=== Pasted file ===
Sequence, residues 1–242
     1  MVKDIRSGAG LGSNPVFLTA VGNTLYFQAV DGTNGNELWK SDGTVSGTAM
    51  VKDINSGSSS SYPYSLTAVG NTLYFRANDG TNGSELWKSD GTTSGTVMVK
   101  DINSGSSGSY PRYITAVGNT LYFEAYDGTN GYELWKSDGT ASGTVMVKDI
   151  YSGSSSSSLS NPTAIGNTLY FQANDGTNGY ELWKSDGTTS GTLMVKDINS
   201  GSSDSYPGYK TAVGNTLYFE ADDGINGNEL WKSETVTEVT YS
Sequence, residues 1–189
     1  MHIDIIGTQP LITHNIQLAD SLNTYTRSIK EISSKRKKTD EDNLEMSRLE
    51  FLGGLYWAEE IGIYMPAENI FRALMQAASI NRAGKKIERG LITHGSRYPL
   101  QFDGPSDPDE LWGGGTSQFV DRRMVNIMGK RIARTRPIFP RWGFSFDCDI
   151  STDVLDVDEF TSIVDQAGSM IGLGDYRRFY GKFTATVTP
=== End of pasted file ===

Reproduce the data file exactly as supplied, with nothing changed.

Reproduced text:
Sequence, residues 1–242
     1  MVKDIRSGAG LGSNPVFLTA VGNTLYFQAV DGTNGNELWK SDGTVSGTAM
    51  VKDINSGSSS SYPYSLTAVG NTLYFRANDG TNGSELWKSD GTTSGTVMVK
   101  DINSGSSGSY PRYITAVGNT LYFEAYDGTN GYELWKSDGT ASGTVMVKDI
   151  YSGSSSSSLS NPTAIGNTLY FQANDGTNGY ELWKSDGTTS GTLMVKDINS
   201  GSSDSYPGYK TAVGNTLYFE ADDGINGNEL WKSETVTEVT YS
Sequence, residues 1–189
     1  MHIDIIGTQP LITHNIQLAD SLNTYTRSIK EISSKRKKTD EDNLEMSRLE
    51  FLGGLYWAEE IGIYMPAENI FRALMQAASI NRAGKKIERG LITHGSRYPL
   101  QFDGPSDPDE LWGGGTSQFV DRRMVNIMGK RIARTRPIFP RWGFSFDCDI
   151  STDVLDVDEF TSIVDQAGSM IGLGDYRRFY GKFTATVTP